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Is There a  Science to  "Change"?

Why do people do what they do? In this issue of Daring Doctors, lets tease apart the concept of motivation. I assume all of us have areas in our lives we want to change, some small and some as big as our career. It is also true that most of us are crisis motivated. For the most part, we don’t change anything unless the status quo becomes intolerable. I invite you to explore the following questions for yourself.
  • How do I decide to stay in a particular job, location or relationship?
  • How do I make the decision to move on, to create something new?
This question is important in our personal lives and also very important for leaders. I would define all physicians as leaders. We lead care teams in the office, we have the opportunity to lead our patients to better health and many of us are in leadership positions in the non-clinical world. Here the question is why do people follow you and listen to your advice?
There are several theories we can use to understand motivation.
1) The most popular is the “fear of the unknown” theory. This is especially powerful for physicians. We spend an entire career attempting to completely master our craft and eliminate uncertainty. (After all, the malpractice lawyers are waiting for us to make a mistake!)
Making a change in your life involves doing something new and admitting you want to learn more…that you don’t “know it all”. It can feel like stepping off a cliff.
  • What has been your experience of the first steps of a change in your life?
  • What have you learned about how you view change and what attitudes and fears get in the way?
My experience of my physician colleagues and clients is we are all intelligent, hard working people committed to making a difference. We are masters at critical thinking (diagnosis) and communication skills. We are all hard wired with the essential toolkit for successful change. The stopper is attitude.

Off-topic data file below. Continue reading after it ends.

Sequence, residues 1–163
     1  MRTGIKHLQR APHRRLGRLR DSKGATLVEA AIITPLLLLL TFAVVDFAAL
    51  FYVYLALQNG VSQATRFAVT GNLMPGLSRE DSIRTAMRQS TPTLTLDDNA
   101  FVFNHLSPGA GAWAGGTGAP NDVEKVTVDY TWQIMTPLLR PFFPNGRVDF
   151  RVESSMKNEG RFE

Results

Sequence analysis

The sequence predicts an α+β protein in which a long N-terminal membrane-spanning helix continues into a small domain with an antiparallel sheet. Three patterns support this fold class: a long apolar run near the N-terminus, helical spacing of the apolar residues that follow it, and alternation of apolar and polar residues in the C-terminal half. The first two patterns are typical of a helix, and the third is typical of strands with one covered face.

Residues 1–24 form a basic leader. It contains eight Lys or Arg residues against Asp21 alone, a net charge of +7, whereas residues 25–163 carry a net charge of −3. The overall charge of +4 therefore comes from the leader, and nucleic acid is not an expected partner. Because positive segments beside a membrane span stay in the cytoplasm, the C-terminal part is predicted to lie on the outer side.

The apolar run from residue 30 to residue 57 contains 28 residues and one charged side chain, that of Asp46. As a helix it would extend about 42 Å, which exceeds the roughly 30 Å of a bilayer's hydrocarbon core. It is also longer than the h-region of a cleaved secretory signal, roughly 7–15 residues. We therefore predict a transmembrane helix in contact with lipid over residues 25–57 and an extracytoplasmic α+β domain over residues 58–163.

2) Another theory is “inertia”.  My routine is well known and I can accomplish what is expected with minimal effort.  It might not be fulfilling, yet it doesn’t take the effort of learning something new.  This comes out in the thought, “Changing careers would be so difficult, why don’t I just stay put.”
  • What are your thoughts on the effort involved in making a life or career change?
My observation is that NOTHING could be more difficult than the experience of Medical School followed by residency followed by a good stint as a practicing physician. All of us have been there and done that. Simply because we are physicians we are capable of tremendous and prolonged effort if we think it’s worth it.
Inertia comes in two common flavors:
The “you worked so hard to get here” flavor. Usually, family members voice this as you discuss your initial thoughts of doing something outside of clinical medicine. (What will your mother say?)
How does the effort to become a successful physician hold you back when you contemplate a different future?
Certainly we all worked our tails off to become physicians. We could choose to see it as an indication of the effort we are capable of when we decide to move rather than an anchor that holds us back.
And the flavor called “enoughness”.  If I have enough, I am much less likely to go for more. Most of us make enough money, have enough time and are engaged enough at work. We are comfortable enough that fear hasn’t pushed us look for more.  Is it possible to get too much out of your life?
· What is enough in your life?
· What would you like more of?
3) Then there’s the most powerful motivator of all, the “no compelling vision” theory. We stay put because the change options we envision are not attractive enough.  We are not inspired to do anything different. For most of us, our vision of the future is not nearly as clear as our appreciation of our current discomfort.
  • What is your vision of the change you want in your life? 
  • How can you make it big enough to be inspiring?
  • Does your pulse quicken as you imagine yourself 5 years from now?
Of all the fuels for motivating change, inspiration is the cleanest and most powerful. Once you create a vision of your future that is sufficiently inspiring you will be drawn to it with such attraction that fear and inertia are naturally overcome. There is a major difference between being drawn by the power of inspiration and pushing through obstacles by sheer will!